So by all means let’s have a serious discussion about how cities can best manage the transition when their traditional sources of competitive advantage go away. And let’s also have a serious discussion about our obligations, as a nation, to those of our fellow citizens who have the bad luck of finding themselves living and working in the wrong place at the wrong time — because, as I said, decline happens, and some regional economies will end up shrinking, perhaps drastically, no matter what we do.

The important thing is not to let the discussion get hijacked, Greek-style. There are influential people out there who would like you to believe that Detroit’s demise is fundamentally a tale of fiscal irresponsibility and/or greedy public employees. It isn’t. For the most part, it’s just one of those things that happens now and then in an ever-changing economy.

Comments

comments

.

News

A favorite autumn tradition

By Enterprise staff | From Page: A1 | Gallery

 
Marathon specialist Winter heads to cycling shrine

By Bruce Gallaudet | From Page: A1 | Gallery

County to fund pilot project for West Sac homeless

By Anne Ternus-Bellamy | From Page: A1

 
Author showcases field biology as he revels in nature

By Special to The Enterprise | From Page: A3 | Gallery

Pedal around Davis on weekly bike ride

By Enterprise staff | From Page: A3

 
Terez will perform at Wine’d Down Thursday

By Enterprise staff | From Page: A3

Apply soon to be a Master Gardener

By Enterprise staff | From Page: A3

 
Super-fun 5K run will support UCD students

By Enterprise staff | From Page: A3

Davis Arts Center: a call to artists for Holiday Sale Wall of Art

By Erie Vitiello | From Page: A3 | Gallery

 
Wine-tasting and auction benefit Advanced Treble Choir

By Anne Ternus-Bellamy | From Page: A4

Entries due Nov. 1 in VFW essay contests

By Enterprise staff | From Page: A4

 
Teen services grant applications due this week

By Anne Ternus-Bellamy | From Page: A4

Voice of the Wood plans family Halloween show

By Special to The Enterprise | From Page: A4 | Gallery

 
Garamendi will speak at U.N. Day event

By Special to The Enterprise | From Page: A4

 
Wolk sets ‘Morning with the Mayor’

By Enterprise staff | From Page: A5

Volunteers sought to chip in on parks cleanup

By Enterprise staff | From Page: A5

 
Setting a good example

By Sue Cockrell | From Page: A5

Kids form a lifelong habit of drinking water

By Special to The Enterprise | From Page: A5

 
Composting workshop set at Grace Garden

By Enterprise staff | From Page: A5

Farmers Market hosts Fall Festival

By Special to The Enterprise | From Page: A5 | Gallery

 
A Taste of India dinner benefits Davis Community Meals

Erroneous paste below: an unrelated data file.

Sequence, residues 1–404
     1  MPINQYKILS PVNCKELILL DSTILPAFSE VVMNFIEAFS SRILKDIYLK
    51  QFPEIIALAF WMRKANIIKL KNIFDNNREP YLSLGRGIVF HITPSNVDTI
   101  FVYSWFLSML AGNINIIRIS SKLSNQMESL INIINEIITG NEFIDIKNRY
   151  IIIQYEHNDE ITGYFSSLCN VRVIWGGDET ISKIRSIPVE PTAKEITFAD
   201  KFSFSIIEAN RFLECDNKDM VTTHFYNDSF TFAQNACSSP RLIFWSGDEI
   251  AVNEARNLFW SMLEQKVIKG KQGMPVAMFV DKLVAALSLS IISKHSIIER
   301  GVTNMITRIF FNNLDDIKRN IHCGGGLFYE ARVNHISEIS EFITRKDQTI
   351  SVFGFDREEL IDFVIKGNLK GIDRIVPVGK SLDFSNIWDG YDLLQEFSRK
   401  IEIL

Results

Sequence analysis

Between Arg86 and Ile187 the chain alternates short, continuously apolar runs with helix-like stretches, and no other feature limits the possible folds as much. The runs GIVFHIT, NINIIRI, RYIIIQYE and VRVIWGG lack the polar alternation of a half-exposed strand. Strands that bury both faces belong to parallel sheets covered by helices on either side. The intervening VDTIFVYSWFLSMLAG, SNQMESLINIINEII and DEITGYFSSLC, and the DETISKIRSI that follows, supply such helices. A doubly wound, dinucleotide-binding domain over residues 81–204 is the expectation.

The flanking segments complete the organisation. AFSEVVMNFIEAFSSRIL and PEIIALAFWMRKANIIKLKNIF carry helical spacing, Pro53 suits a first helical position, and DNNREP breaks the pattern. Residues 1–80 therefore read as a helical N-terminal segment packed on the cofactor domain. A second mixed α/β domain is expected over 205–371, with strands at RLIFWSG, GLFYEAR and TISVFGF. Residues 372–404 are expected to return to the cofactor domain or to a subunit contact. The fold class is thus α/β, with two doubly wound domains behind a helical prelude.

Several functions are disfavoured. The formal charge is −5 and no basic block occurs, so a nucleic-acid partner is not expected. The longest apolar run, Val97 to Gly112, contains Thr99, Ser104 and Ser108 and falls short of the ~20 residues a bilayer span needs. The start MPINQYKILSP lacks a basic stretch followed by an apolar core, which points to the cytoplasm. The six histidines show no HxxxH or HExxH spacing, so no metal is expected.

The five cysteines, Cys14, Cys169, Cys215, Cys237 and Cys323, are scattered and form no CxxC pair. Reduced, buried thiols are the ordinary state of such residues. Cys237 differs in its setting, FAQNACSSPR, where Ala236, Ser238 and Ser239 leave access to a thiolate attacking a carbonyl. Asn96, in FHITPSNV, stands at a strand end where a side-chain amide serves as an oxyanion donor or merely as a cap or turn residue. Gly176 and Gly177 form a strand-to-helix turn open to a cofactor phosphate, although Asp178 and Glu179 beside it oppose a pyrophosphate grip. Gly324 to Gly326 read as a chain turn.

By Enterprise staff | From Page: A5 | Gallery

Women and men want the same things in cars … usually

By The Associated Press | From Page: A6

 
California state parks show off fall color

By Kimberly Yarris | From Page: A7

October is fall car care month

By Special to The Enterprise | From Page: A7

 
Railroad work will close Eighth Street

By Special to The Enterprise | From Page: A9

Special education information night scheduled

By Jeff Hudson | From Page: A9

 
Halloween Carnival planned Oct. 26

By Enterprise staff | From Page: A9

Soda bottlers spend big to fight S.F. ban

By San Francisco Chronicle | From Page: A9

 
Mondavi Center gift shop plans holiday sale

By Enterprise staff | From Page: A9

Clinton sounding like a candidate in S.F. appearance

By San Francisco Chronicle | From Page: A12

 
.

Forum

 
Vote no on Prop. 1, because it’s no solution

By Special to The Enterprise | From Page: A8

David Fitzsimmons cartoon

By Debbie Davis | From Page: A8

 
.

Sports

UCD women’s soccer postseason hopes flickering

By Bruce Gallaudet | From Page: B1 | Gallery

 
A typical Blue Devil girls water polo win

By Enterprise staff | From Page: B1

DHS boys hold off Rio Americano in the pool

By Enterprise staff | From Page: B1

 
Devils are on track for volleyball playoffs after win

By Evan Ream | From Page: B1 | Gallery

Giants rip Royals in Game 1

By The Associated Press | From Page: B1 | Gallery

 
AYSO roundup: Local winners have the Eye of the Tiger

By Enterprise staff | From Page: B3 | Gallery

Alliance/Legacy roundup: Italia cruises past Chico

By Enterprise staff | From Page: B3 | Gallery

 
Sports briefs: Fipps earns another preseason hoops award

By Enterprise staff | From Page: B8

.

Features

.

Business

.

Obituaries

Mariana Brumbaugh Henwood

By Special to The Enterprise | From Page: A4

 
.

Comics